Welcome to European Tribune. It's gone a bit quiet around here these days, but it's still going.
As foreshadowed at the end of the diary, here is a photo report on the 10 March rally.

I have argued before on ET that a successful revolution needs an alliance of middle-class and working-class elements (specifically students who can be the voice and union or other activists who can be the fist). I think a serious challenge to Orbán's 'democratorship' needs something similar. So I saw Szolidaritás's bad moves mentioned in the diary in that light. Even at a tactical level: if you hold a separate event, hold it on the same day and nearby so that people can walk from one to the other (in fact that's what they did last time in October).

Now a reason Szolidaritás was keen to hold a rally on a different day was that their traditional main rally site is in front of Parliament Building, which Fidesz occupied for this 15 March.

As told upthread, the government played a dirty trick on this protest: out of the blue, most of the place as closed down for works in February, only to be cleared for Fidesz's mass protest. So on 10 March, Szolidaritás placed its stage facing the main road leading up to parliament. Most of the crowd, however (whom I estimated at 10-15,000 at its peak), having arrived from the metro station on one side of the square, massed on the not closed part of the square, facing the side of the stage.

Some placards. The first one needs no explanation:

A pair of placards showed Terence Hill and Bud Spencer with slogans quoting an Orbán speech last year, in which he claimed to have "handed out a few bops for the impetuous quarrelers of the European Parliament, a few slaps fell, we handed out a few friendly rabbit-punches" (derided in opposition circles ever since the bops and slaps obvously go the other way).

The next placard shows three government politicians with the question, "Could you live from 47 thousand [Forints a month]?". This one was a recurring theme in speeches and needs an explanation.

While faking the pose of a freedom fighter against the IMF, the Fidesz government is implementing labour market and social 'reforms' which are usually extorted from governments by the IMF under the mantle of austerity, but they do so on their own volition, accompanied by a rhetoric of base social contempt. The flagship 'policy' is forcing people on long-term unemployment or social benefits to take part in a public works programme, which gives no hope of gaining real employment, looks like slave labour, is implicitly aimed primarily at the Roma, and brings up ugly WWII-time associations (see Salon thread back from August).

This 'public works' pays only 47,000 Forints a month, that's €161 at current prices. Economic minister György Matolcsy (top right) earned wide outrage by claiming that you can live pretty well on that sum. He actually said that this is the case because it's more than the 28,000 Forints (€98) people previously got as social benefit – but (as the lead column in this week's issue of liberal literature magazine Élet és Irodalom pointed out) he was comparing apples and oranges and forgot to mention that he cut both the public works pay and the social benefits by c. 20%. Meanwhile, other ministers gave support, including interior minister Lajos Pintér, who told 'yes you can live off 47,000 well if you keep a goat' (left top on placard).

I will show only one of the speakers: one of the leaders of Szolidaritás, Péter Kónya, who was forced to resign from his job and thus his position as head of a police union with the help of the new labour laws. He presented Szolidaritás's proposals on what a new, referendum-approved constitution to replace Fidesz's patchwork constitution should include. He also talked about the cockade: this symbol of the 1848 revolution was misused by Fidesz in the 2002 election campaign as a means of division, when they called on supporters to keep wearing it until the election (which they lost narrowly to a silent majority). Kónya told that he put his cockade into a box then, but now is the time to re-gain these symbols. (I am an anti-nationalist, but after thinking of the propaganda angle of images of the Milla protest on 15 March, I bought a cockade from a Roma street vendor when I got off the train.)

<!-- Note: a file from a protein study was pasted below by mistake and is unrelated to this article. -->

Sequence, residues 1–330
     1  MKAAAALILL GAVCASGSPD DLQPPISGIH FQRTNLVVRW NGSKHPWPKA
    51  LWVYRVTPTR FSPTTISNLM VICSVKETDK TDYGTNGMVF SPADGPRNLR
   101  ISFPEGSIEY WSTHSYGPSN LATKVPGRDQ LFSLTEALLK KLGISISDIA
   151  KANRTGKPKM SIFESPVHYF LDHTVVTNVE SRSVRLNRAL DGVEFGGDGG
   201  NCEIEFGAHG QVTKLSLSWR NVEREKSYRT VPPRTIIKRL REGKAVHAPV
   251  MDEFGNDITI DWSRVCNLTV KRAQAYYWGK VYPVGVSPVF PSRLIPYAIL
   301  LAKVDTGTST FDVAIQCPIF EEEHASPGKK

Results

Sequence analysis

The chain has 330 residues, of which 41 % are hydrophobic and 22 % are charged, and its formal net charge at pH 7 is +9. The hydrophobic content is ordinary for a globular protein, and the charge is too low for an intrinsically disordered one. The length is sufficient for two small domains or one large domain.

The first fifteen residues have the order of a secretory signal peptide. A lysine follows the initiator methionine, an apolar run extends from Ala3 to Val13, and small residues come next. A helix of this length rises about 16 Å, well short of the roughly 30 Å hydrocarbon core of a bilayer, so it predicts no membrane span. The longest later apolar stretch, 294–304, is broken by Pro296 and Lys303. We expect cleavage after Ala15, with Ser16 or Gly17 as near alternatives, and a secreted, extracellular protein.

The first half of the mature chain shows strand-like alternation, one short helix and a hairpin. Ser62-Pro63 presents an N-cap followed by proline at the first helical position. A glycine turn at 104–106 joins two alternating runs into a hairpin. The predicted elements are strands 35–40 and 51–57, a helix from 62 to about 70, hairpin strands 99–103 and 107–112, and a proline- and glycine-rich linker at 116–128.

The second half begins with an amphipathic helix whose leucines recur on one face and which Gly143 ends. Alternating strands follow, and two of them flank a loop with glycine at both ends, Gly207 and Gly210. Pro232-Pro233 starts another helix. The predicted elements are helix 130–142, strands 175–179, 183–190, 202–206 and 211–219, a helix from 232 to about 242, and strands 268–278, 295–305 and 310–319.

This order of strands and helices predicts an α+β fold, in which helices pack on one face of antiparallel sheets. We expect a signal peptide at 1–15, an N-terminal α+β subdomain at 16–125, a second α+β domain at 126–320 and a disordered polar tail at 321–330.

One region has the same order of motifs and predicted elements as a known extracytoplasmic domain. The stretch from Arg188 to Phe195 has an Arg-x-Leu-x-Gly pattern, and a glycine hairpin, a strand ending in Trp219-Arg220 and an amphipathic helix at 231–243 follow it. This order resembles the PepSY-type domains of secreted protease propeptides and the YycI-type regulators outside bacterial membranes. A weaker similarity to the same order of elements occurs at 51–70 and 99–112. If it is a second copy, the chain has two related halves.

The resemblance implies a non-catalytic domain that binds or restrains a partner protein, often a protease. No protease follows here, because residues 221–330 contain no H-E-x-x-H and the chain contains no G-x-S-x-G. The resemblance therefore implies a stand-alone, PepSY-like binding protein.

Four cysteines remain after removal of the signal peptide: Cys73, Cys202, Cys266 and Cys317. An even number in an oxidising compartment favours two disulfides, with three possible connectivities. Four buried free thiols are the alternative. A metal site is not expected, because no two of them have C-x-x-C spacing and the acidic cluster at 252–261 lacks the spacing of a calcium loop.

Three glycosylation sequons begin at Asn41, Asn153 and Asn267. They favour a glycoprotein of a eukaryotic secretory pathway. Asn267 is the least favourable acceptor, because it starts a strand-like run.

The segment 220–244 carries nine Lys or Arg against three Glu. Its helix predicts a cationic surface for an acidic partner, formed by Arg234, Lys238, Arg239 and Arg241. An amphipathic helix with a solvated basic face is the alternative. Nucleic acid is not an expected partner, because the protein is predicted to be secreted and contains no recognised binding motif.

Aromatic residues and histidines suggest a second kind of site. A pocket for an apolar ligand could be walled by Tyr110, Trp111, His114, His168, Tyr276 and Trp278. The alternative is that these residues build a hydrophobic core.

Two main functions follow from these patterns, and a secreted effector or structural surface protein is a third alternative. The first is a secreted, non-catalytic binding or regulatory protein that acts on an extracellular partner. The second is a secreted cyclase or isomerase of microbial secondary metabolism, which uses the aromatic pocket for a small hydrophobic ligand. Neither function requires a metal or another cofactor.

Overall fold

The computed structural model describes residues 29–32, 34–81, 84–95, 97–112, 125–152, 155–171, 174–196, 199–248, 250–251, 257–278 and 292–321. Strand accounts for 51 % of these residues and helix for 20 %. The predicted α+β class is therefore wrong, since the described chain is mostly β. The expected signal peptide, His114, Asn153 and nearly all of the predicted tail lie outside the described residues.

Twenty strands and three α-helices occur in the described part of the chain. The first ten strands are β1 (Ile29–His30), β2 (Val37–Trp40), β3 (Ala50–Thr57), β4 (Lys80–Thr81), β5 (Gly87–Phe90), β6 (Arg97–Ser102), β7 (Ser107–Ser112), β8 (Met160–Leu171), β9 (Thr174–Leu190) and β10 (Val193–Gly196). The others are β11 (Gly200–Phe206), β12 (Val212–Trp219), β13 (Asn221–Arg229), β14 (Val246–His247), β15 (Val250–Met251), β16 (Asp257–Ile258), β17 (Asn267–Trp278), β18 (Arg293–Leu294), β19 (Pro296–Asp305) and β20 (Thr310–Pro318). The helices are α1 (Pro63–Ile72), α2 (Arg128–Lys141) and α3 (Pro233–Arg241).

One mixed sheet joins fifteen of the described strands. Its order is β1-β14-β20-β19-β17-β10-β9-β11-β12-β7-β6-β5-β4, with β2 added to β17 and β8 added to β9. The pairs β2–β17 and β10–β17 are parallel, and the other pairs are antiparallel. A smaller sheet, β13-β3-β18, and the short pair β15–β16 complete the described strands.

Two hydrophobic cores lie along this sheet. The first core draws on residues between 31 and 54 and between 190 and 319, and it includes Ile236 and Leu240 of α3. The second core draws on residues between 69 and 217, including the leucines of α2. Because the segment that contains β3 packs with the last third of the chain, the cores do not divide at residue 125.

There have been several speakers speaking about the plight of students, teachers, the homeless, small churches, the disabled, pensioners, the jobless, Roma, artists and so on. But it wasn't either of them who earned the greatest response, but Orbán: they played a tape of a 2010 campaign speech in which Orbán warned of a bleak future should the pro-austerity Socialists win another election – foretelling lots of measures and ill developments which then his government brought upon the country.

With so many speakers the event ended up being rather long (too long). I had to leave after two hours as the Sun set behind Parliament Building, so I missed when the organiser of the Hunger March came on stage.

:: :: :: :: ::

As told in the diary, Szolidaritás's sets of demands are more social while Milla's are more liberal, but at least Milla included "Solidarity" among its 12 points and there were Solidarity guys with placards also seen five days earlier. For a time I stood in the shadow of the placard below, which asks (in rhyme) "Old judges are geezer judges! But the disabled are fit for work?" The first part refers to the Orbán government's attempt to get rid of independent judges by temporarily lowering the retirement age, which the European Commission rightly challenged. I don't expect them to challenge the policy to re-evaluate disabled people's fitness for work, however, as going after disabled people is another austerity hit across the EU (also see In Wales's In time, wrong time).

*Lunatic*, n.
One whose delusions are out of fashion.

by DoDo on Sat Mar 17th, 2012 at 05:29:47 AM EST
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